Spotting the difference: on copying in fabric design.

spotthedifference-copyinginfabricdesign
 This morning I turned away a sales rep from a company I have in the past
bought fabrics from.  This company has great designed fabrics, and
although their quality is not great, they are cheap.  There are plenty
of shops that stock their fabrics, and the usual retail price is £6.99,
although I have seen it both dramatically cheaper, and dramatically more
expensive.  This all sounds like a great deal, right?
 So why did I turn them away?
The designs aren’t theirs to sell, they are copies of prints from other designers.  
Alexander Henry – Goo Goo Babies, original on the left, copy print on the right.
 Let me add, for fear of being reprimanded, that I am sure that not all
the prints are copied.  I am sure that some lovely prints are available
from this company that are entirely their own designs.  But while I can’t be sure of the original prints from the company, I can be sure of the copies, as we have previously sold their original counterparts in our store.  
Over the past year I have come across more and more designs from this
company where we have stocked the original, yet a cheaper ‘fake’ is
being sold around the corner for half the price.  I’ve thought about
saying something.  I haven’t.  I have spoken to the company, but each
time I have mentioned it to them they have protested ignorance, and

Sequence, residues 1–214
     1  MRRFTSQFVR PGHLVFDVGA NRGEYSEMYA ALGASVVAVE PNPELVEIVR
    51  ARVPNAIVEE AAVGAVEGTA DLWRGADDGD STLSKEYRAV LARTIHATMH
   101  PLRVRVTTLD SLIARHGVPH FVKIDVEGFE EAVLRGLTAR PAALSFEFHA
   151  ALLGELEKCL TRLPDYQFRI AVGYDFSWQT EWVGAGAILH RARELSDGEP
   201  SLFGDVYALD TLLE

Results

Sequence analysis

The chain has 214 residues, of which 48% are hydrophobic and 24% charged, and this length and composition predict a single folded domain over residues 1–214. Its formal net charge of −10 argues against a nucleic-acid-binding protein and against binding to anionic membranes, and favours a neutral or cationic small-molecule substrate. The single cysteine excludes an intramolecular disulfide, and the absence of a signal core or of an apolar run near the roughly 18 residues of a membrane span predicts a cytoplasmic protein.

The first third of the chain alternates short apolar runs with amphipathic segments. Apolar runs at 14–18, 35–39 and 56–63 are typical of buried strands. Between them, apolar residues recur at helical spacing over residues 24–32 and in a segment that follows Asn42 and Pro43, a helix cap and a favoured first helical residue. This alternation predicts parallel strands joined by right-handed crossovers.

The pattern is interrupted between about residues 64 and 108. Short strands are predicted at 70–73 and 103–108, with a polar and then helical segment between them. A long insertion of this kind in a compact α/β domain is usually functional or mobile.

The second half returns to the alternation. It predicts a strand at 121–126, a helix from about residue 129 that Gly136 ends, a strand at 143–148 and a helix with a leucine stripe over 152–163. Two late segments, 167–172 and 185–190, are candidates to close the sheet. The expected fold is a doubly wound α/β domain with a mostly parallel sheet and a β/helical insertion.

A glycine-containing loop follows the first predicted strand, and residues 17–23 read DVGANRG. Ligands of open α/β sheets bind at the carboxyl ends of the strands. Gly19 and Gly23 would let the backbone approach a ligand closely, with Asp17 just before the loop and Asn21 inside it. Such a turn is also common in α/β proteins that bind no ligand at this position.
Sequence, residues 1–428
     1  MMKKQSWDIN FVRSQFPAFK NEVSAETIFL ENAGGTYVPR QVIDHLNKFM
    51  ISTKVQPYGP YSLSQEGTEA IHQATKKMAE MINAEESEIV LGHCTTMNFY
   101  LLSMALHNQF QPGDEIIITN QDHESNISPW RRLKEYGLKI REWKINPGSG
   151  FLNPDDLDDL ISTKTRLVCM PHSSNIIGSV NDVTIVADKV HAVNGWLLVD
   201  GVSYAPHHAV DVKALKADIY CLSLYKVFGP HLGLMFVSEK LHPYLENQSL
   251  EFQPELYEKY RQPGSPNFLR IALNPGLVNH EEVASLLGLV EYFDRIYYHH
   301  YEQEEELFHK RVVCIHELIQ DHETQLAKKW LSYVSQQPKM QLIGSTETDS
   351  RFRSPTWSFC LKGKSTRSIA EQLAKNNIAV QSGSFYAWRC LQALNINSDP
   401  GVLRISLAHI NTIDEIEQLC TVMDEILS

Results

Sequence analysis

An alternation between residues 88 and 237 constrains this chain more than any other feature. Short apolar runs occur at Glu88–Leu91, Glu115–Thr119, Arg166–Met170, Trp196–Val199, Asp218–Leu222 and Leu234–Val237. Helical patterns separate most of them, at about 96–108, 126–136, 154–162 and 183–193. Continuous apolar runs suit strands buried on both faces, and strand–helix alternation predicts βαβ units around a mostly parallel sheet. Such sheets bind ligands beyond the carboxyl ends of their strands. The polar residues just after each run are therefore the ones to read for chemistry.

blamed their ‘german factory’.  They have told me that once they know a design is a
copy, they withdraw it from sale.  I have been through their fabric
racks, and shown them which ones are, where they can find them, and yet months later still see them
being shown at the trade shows. After noticing this company, I became aware that there is more than one
UK company out there selling these same fabrics, or others in the same
vein.   I haven’t said anything further than
this, I’ve thought about it, I’ve stopped buying their products, but I
haven’t said anything about it on any public sphere.
Another Alexander Henry print. 

This week, I read this article: https://whileshenaps.com/2014/11/fabric-designers-earn.html – if you
haven’t read it, you should, it’s an interesting portrayal of how much
the designers we all know and love earn, and what, precisely,
they have to do to earn it.  It made me stop and think.  It made me
realise that there’s more to designer copyright than just the ‘kudos’ of
having designed that print.  It costs them money.  Very few designers
earn a living wage unless they have more than one string to their bow. 

Alexander Henry Goo Goo Babies – this one was obviously popular, as it’s now available in all the prints and colours.
Now, I’m motivated to talk about this for various reasons. 

I have a
store, here in the UK.  We focus mainly on designer ranges of quilting
fabrics, and  also stock a lot of modern Japanese prints.  We are not
known for being ‘cheap’, yet I (hope) we aren’t equated with bad value
for money, either.  We value good design, and want to share our love of
print and pattern with our customers.   Our relationship with our
customers is important, and it’s important for them to feel they can